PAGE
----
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The Moral Stupidity of Trying to Clone a Neanderthal Baby


About this idea of cloning a Neanderthal baby, the moral stupidity of it is staggering. Even if currently feasible in technical terms, which I doubt, and however fascinating to come face to face with such a creature, think of what it means: The production of a being who is very close to human, living out his entire life as the object of gawking curiosity. Try to imagine the day-to-day existence of this person.
And for what? Just our own gratification, especially that of Harvard Medical School geneticist George Church. What Church needs now, he says, is in an “adventurous female human” to carry the baby.

“It depends on a hell of a lot of things, but I think it can be done.”
Professor Church’s plan would begin by artificially creating Neanderthal DNA based on genetic code found in fossil remains. He would put this DNA into stem cells.
These would be injected into cells from a human embryo in the early stages of life.
It is thought that the stem cells would steer the development of the hybrid embryo on Neanderthal lines, rather than human ones.

Check out the transparently phony attempt to rationalize the scheme in a moral framework:

[Church] believes his project could benefit mankind.
He told German magazine Der Spiegel: “Neanderthals might think differently than we do. They could even be more intelligent than us.
“When the time comes to deal with an epidemic or getting off the planet, it’s conceivable that their way of thinking could be beneficial.”

The Daily Mail quotes one critic:

Philippa Taylor of the Christian Medical Fellowship said: “It is hard to know where to begin with the ethical and safety concerns.”

To which Biologic Institute’s Ann Gauger, co-author of Science and Human Origins, replies:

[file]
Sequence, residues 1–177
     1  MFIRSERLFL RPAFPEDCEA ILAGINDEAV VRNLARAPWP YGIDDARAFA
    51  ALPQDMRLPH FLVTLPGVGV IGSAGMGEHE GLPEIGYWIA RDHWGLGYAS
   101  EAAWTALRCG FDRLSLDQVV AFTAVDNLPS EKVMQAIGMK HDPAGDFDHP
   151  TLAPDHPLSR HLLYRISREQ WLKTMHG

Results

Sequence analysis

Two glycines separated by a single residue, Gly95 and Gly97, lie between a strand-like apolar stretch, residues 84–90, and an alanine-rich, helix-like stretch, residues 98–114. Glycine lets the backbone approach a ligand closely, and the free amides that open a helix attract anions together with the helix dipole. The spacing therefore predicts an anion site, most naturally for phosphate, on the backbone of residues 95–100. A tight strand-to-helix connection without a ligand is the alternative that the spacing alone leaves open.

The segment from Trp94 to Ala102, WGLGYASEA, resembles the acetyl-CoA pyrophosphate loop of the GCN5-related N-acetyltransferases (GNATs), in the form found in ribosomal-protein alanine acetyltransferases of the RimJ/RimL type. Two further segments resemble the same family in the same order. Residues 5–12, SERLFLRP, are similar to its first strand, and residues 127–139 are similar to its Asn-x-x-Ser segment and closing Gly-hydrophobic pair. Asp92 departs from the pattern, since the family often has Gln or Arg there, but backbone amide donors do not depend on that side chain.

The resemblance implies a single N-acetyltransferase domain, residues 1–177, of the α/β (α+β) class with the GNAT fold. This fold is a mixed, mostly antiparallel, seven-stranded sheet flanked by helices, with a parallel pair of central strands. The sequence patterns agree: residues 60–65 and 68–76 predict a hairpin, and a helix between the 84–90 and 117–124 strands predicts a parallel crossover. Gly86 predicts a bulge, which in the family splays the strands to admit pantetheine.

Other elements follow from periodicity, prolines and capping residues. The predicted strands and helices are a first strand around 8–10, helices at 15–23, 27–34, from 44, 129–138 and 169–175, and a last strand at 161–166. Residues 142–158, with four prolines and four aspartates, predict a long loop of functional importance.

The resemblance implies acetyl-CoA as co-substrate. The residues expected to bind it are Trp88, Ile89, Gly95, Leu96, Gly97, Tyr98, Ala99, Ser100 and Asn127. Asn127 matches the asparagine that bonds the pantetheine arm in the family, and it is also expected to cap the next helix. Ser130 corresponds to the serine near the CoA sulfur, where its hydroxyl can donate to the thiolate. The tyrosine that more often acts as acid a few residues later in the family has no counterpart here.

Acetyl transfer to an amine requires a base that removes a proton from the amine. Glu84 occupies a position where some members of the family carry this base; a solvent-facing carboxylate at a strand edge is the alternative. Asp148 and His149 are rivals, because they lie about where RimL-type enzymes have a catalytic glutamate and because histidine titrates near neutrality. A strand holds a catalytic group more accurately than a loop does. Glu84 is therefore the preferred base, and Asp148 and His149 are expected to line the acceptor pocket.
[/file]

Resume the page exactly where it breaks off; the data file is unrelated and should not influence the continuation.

George Church is a brilliant scientist enamored of his own technical skills. But I am with Philippa Taylor. We are not talking about guinea pigs here. We are talking about human persons. The difficulty of getting the modifications into chromosomes without generating additional mutation is quite large, and the risk of profound defect to any engineered baby is even larger. There is a reason this is illegal.

If it’s not illegal, it should be. Discovery Institute’s Wesley J. Smith writes at National Review Online:

I can’t think of anything morally valid about this idea. The woman would be treated as a mere brood mare, and who knows what adverse physical consequences could flow from gestating a non human. The Neanderthal, if born, would likely be deformed, as we have seen with animal cloning. The human embryo would be used as a mere thing-again! The Neanderthals were a social species, rational and self-aware, probably possessed of moral agency and a sense of spirituality. A Neanderthal child, even if born without birth defects, would likely suffer from being recreated as an experiment in an act of scientific hubris, and without any others of his or her kind with which to associate.

This is science as it would look completely cut loose from any sense of a transcendentally given order of things. For more on that theme, see John West’s The Magician’s Twin.
There’s a monstrous nerdiness to the idea: An utter tone-deafness to the moral implications of pursuing the ultimate science-fair project. It’s what you’d naturally get in an undesigned, unplanned and unintended biosphere, as Darwinian advocates and other materialists portray our world.
Image credit: Neanderthal Museum/Wikipedia.

David Klinghoffer

Senior Fellow and Editor, Evolution News
David Klinghoffer is a Senior Fellow at Discovery Institute and the editor of Evolution News & Science Today, the daily voice of Discovery Institute’s Center for Science & Culture, reporting on intelligent design, evolution, and the intersection of science and culture. Klinghoffer is also the author of six books, a former senior editor and literary editor at National Review magazine, and has written for the Los Angeles Times, New York Times, Wall Street Journal, Washington Post, Seattle Times, Commentary, and other publications. Born in Santa Monica, California, he graduated from Brown University in 1987 with an A.B. magna cum laude in comparative literature and religious studies. David lives near Seattle, Washington, with his wife and children.